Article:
37. Ward WG, Sr., Rougraff B, Quinn R, et al. Tumors masquerading as hematomas. Clin Orthop Relat Res. 2007;465:232-240. Review/Other-Dx 31 patients To describe a series of patients in whom tumors diagnostically masqueraded as hematomas. The diagnoses included soft tissue sarcomas (27), metastatic cancers (three), and lymphoma (one). History of subcutaneous ecchymosis was positive in only five patients (three of whom had trauma), negative in 18, and unknown in eight. Ecchymosis was present in two patients, absent in 20, and unknown in nine. Previous treatments included observation and reassurance (21), aspiration (11), incision and drainage (10), unplanned resections (seven), physical therapy (seven), medication administration (six), and arthroscopy (one). 4
38. Mori T, Fujii M, Akisue T, Yamamoto T, Kurosaka M, Sugimura K. Three-dimensional images of contrast-enhanced MDCT for preoperative assessment of musculoskeletal masses: comparison with MRI and plain radiographs. Radiat Med. 2005;23(6):398-406. Observational-Dx 68 patients To evaluate the diagnostic capability of contrast-enhanced multidetector computed tomography (MDCT) for the preoperative assessment of musculoskeletal masses, in comparison with magnetic resonance imaging and plain radiographs (MRI+X-p). In 32 bone lesions, MDCT was superior/equal/inferior to MRI+X-p regarding histological properties in 4/10/18, vascularity in 0/11/21, neurovascular involvement in 0/26/6, calcification/ossification in 15/17/0, and cortical/marrow involvement in 29/3/0 cases, respectively. In 36 soft-tissue lesions, MDCT was superior/equal/inferior to MRI+X-p with histological properties in 1/18/17, vascularity in 0/12/24, neurovascular involvement in 1/24/11, calcification/ossification in 8/28/0, and cortical/marrow involvement in 7/29/0 cases, respectively. The MDCT evaluation of both calcification/ossification and cortical/marrow involvement in bone lesions was superior to that in soft-tissue lesions (p<0.05). There were no statistically significant differences between benign and malignant lesions in the evaluation of each of the five items. 3
39. Bamberg F, Dierks A, Nikolaou K, Reiser MF, Becker CR, Johnson TR. Metal artifact reduction by dual energy computed tomography using monoenergetic extrapolation. Eur Radiol. 2011;21(7):1424-1429. Observational-Dx 31 patients To assess the performance and diagnostic value of a dual energy CT approach to reduce metal artefacts in subjects with metallic implants. Image quality was rated superior to the standard image in 29/31 high energy reconstructions; the diagnostic value was rated superior in 27 patients. Image quality and diagnostic value scores improved significantly from 3.5 to 2.1 and from 3.6 to 1.9, respectively. In several examinations decisive diagnostic features were only discernible in the high energy reconstructions. The density of the artefacts decreased from -882 to -341 HU. 3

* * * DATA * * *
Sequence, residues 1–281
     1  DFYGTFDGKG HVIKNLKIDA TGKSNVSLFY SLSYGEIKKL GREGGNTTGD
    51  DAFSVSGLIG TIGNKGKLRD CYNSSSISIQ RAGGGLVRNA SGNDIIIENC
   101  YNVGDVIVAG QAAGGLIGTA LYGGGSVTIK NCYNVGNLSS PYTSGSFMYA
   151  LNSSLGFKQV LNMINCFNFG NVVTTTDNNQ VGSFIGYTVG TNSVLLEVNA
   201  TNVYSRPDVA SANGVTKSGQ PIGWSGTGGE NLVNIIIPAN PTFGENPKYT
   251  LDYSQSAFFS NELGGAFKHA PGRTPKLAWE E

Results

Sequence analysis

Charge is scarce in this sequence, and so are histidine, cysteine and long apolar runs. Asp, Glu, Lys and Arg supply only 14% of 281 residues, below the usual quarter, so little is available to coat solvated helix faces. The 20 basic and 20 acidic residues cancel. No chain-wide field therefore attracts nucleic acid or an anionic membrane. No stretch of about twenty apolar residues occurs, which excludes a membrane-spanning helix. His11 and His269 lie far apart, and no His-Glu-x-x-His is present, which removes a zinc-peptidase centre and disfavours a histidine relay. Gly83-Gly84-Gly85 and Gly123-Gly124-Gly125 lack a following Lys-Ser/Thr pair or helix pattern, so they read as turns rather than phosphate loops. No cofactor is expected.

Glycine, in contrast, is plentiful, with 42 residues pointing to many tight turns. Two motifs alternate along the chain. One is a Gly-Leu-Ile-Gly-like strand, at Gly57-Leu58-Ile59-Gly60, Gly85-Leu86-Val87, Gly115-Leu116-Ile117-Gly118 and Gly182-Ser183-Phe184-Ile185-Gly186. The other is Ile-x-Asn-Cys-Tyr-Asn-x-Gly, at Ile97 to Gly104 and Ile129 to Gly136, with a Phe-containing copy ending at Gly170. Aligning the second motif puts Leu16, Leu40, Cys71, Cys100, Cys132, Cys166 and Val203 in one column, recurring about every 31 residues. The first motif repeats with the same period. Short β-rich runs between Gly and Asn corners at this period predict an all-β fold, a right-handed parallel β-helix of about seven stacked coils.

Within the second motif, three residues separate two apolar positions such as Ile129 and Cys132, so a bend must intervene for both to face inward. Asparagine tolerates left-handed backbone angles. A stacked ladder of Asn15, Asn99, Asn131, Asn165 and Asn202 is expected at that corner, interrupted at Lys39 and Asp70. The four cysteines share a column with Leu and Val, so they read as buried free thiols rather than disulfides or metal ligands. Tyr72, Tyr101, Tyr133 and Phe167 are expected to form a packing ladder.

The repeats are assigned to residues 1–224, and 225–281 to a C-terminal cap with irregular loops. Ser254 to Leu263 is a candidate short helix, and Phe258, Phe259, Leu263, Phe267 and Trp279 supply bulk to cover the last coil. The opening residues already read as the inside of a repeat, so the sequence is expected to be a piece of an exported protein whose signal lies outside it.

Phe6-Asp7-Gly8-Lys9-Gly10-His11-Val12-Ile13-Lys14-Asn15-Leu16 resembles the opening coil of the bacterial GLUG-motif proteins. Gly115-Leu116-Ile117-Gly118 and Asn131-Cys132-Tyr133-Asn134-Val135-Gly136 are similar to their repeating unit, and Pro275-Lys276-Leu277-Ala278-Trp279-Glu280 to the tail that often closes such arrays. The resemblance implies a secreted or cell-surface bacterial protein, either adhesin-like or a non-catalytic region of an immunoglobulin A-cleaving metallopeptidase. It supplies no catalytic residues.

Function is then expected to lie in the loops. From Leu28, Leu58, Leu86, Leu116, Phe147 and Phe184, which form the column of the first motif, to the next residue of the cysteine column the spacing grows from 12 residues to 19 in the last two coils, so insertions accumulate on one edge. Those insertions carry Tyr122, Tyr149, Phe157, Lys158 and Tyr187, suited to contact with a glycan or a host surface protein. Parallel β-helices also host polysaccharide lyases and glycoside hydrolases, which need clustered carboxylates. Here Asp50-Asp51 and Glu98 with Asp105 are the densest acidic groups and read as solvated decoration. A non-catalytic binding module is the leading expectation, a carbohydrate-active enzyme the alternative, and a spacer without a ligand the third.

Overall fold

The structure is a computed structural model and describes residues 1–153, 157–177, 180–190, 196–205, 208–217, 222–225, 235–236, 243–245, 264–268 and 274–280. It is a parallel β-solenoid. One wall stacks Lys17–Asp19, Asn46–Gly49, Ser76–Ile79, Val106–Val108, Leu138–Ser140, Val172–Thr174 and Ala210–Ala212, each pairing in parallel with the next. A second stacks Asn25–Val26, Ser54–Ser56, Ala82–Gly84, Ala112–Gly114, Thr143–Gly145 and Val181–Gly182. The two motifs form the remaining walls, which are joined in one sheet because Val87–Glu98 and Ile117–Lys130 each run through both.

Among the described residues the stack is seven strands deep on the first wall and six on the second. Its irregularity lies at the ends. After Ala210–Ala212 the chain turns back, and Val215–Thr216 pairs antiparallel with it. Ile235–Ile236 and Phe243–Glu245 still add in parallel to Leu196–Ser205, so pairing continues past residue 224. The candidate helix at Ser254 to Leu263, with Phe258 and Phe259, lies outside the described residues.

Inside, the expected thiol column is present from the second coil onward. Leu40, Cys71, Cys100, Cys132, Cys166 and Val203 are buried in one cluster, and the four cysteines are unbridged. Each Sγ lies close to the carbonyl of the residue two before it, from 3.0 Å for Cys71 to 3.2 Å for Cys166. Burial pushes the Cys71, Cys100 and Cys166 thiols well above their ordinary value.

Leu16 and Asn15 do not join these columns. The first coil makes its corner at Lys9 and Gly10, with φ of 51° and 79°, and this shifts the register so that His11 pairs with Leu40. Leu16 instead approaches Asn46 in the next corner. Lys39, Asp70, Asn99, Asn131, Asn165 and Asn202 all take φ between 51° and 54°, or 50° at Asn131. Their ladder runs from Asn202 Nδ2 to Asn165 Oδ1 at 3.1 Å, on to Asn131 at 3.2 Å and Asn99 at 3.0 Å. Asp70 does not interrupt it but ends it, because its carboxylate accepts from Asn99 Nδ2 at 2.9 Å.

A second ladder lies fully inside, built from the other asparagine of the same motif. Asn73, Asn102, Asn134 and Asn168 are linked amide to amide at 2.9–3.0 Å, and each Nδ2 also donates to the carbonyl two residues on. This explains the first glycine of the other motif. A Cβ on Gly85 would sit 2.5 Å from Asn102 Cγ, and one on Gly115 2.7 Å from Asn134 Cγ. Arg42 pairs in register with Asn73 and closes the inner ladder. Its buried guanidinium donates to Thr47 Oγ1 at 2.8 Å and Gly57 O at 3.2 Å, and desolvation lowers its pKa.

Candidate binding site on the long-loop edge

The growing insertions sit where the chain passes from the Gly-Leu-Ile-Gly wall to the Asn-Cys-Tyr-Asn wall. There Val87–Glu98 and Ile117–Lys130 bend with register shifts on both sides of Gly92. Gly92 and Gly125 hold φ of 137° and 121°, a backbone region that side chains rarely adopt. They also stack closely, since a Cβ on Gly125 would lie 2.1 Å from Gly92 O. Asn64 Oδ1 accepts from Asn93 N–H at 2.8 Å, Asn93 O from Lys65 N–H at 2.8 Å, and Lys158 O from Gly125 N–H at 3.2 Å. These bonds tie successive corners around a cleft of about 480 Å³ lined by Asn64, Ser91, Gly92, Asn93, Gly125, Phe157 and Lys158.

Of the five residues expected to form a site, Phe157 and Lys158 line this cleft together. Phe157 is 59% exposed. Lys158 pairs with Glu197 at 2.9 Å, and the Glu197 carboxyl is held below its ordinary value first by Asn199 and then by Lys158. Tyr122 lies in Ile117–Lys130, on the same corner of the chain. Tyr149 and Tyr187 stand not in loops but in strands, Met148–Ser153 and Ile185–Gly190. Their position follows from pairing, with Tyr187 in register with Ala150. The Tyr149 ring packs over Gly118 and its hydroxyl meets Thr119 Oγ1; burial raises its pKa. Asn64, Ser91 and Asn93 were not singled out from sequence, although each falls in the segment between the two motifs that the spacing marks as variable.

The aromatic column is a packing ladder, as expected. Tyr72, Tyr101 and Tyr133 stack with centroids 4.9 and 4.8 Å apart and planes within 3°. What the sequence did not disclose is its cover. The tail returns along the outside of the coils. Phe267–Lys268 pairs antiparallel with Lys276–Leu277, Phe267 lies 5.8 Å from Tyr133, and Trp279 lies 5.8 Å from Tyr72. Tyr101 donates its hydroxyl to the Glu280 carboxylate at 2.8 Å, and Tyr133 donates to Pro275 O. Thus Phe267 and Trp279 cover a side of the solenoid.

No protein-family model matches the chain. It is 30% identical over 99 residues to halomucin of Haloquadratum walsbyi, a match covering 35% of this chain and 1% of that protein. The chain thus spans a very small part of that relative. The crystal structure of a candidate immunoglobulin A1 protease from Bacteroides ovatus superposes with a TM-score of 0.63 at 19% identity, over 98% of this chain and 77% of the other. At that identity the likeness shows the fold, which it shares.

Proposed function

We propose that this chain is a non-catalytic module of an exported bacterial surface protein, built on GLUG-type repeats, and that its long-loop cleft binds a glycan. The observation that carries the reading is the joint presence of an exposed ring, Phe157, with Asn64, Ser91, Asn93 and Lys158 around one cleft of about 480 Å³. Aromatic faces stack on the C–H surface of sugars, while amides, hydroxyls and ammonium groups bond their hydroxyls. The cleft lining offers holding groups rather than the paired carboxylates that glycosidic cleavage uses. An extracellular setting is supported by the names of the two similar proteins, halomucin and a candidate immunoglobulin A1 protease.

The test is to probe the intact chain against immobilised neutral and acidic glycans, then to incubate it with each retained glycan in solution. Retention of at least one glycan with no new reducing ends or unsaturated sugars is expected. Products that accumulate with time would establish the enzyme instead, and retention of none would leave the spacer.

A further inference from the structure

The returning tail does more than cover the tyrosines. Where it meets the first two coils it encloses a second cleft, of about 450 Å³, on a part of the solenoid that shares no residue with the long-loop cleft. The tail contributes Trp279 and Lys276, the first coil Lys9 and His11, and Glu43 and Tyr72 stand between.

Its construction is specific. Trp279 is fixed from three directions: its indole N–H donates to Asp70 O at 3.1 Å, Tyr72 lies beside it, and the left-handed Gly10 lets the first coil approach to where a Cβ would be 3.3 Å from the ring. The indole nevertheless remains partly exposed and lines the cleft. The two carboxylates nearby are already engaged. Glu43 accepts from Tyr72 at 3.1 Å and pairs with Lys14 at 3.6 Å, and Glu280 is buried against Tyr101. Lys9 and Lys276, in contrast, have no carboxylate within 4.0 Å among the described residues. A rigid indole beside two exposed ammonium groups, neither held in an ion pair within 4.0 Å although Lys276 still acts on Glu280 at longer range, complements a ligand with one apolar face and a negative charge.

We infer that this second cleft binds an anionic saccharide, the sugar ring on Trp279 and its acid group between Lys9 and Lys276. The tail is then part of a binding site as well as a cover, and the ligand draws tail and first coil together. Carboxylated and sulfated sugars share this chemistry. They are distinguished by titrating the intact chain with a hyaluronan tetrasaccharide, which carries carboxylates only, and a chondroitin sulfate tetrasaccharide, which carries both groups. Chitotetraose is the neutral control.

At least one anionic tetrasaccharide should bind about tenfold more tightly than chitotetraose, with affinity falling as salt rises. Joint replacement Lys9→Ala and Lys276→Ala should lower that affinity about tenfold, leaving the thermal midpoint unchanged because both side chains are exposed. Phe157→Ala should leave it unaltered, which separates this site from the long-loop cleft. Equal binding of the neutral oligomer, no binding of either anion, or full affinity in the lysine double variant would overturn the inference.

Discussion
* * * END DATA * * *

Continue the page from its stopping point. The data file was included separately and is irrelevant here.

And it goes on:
40. Peltola EK, Koskinen SK. Dual-energy computed tomography of cruciate ligament injuries in acute knee trauma. Skeletal Radiology. 44(9):1295-301, 2015 Sep. Observational-Dx 18 patients To examine dual-energy computed tomography (DECT) in evaluating cruciate ligament injuries. A total of 18 patients who had an acute knee trauma, DECT and MRI were found. On MRI, six patients had an ACL rupture. DECT's sensitivity and specificity to detect ACL rupture were 79% and 100%, respectively. The DECT vs. MRI intra- and interobserver proportions of agreement for ACL rupture were excellent or good (kappa values 0.72-0.87). Only one patient had a PCL rupture. In GSI images, the optimal keV level was 63 keV. GSI of 40-140 keV was considered to be the best evaluation protocol in the majority of cases. 3
41. Reagan AC, Mallinson PI, O'Connell T, et al. Dual-energy computed tomographic virtual noncalcium algorithm for detection of bone marrow edema in acute fractures: early experiences. J Comput Assist Tomogr. 2014;38(5):802-805. Review/Other-Dx 4 cases To report initial experiences with the use of a DECT bonemarrow algorithm to assess for bone marrow edema. No results stated in abstract. 4
42. Chen H, Jia M, Xu W. Malignant bone tumor intramedullary invasion: evaluation with dual-energy computed tomography in a rabbit model. J Comput Assist Tomogr. 2015;39(1):70-74. Observational-Dx 30 New Zealand white rabbits To investigate the usefulness of dual-energy computed tomography (CT) spectral imaging for differentiating intramedullary microscopic invasion from simple marrow edema in a rabbit VX2 carcinoma model. The slope of the spectral curve in the transition area (7.78 +/- 3.40) was significantly greater than that in the macroscopic tumor area (3.71 +/- 2.15) and smaller than that in the normal marrow area (12.88 +/- 4.12) (P < 0.001). Regarding the transition area, the slope of the spectral curve of the microscopic tumor invasion zone (10.87 +/- 2.69) was greater than that of the simple bone marrow edema zone (5.84 +/- 2.11) (P < 0.001). 3
43. American College of Radiology. ACR Appropriateness Criteria® Radiation Dose Assessment Introduction. Available at: https://www.acr.org/-/media/ACR/Files/Appropriateness-Criteria/RadiationDoseAssessmentIntro.pdf. Review/Other-Dx N/A Guidance document on exposure of patients to ionizing radiation. No results stated in abstract. 4